For example, when Darwin reviewed the varieties of finches at the Galapagos islands, he asserted that their variations in beaks were due to the formulation of new functionality, or in more modern terms, new genetic material. However, God provided the finch with the capacity to form various beaks as adaptive responses to the environment. There is no new genetic material. How do we know this? Even today when the climate changes, all of the finch populations on the Galapagos respond with smaller or larger beaks in their populations. The hyper-adaptability is still alive and well, and keeping their populations healthy.

When scientists speak of systems "winding down" such as physical or chemical processes, they exempt biology from being subject to the effect "because evolution is true". However, as Genetic Entropy has proven, biological systems are not getting better with each new population. They are accumulating mutations and devolving toward extinction. The human genome is also devolving toward extinction. The Christian believer is assured that the Lord will return while the earth is heavily populated, so there is not enough time for humanity to reach extinction.

However, extinction-without-replacement rules the living systems without exception. There are no cases, even theoretical, of a population being able to replace itself with a higher functioning form prior to going extinct. The genomes of the world only exhibit loss-of-function over generations.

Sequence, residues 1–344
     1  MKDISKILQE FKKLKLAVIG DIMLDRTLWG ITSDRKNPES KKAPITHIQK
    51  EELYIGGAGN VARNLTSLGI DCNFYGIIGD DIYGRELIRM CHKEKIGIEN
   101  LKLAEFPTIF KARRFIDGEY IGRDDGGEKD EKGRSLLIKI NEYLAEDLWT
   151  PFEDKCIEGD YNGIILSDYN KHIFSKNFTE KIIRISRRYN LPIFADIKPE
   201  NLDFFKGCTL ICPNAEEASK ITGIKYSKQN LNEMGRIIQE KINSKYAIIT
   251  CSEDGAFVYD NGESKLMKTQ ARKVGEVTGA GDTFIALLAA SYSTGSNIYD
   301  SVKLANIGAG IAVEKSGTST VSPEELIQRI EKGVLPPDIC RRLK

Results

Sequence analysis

Moral Implications

In The Language of God[2], Francis Collins notes that if we were to take gametes from humans and cause them to conceive in a test tube, we are using God's design and intent for the gametes and are morally obligated to see them through as human life. However, he asserts, if we were to take elements of the human body that God did not intend for use in procreation, and instead engineer these things toward our own ends, we are not in danger of snuffing out human life. Case in point, the process of Somatic Cell Nuclear Transfer, such as that used to clone Dolly the sheep, as a means to manufacture embryonic stem cells, and then destroy the embryo. Collins makes the case that it is the geneticist's intent that drives the ethical question. An objection to this is that it was God's original intent for DNA (in whatever form) to support procreation and reproduction. If we go to God's intent, we find that there is no wiggle-room to play with genetic assets and be absolved of the ethical dilemma. Performing an "end run" around God's intent is disingenuous, but indicative of Collins' liberal ethical mindset as a self-proclaimed "theistic evolutionist".

Related References

  2. The Language Of God, Free Press, Simon & Schuster, Copyright F.S. Collins, 2006, ISBN-13 978-0-7432-8639-8, pp. 249-257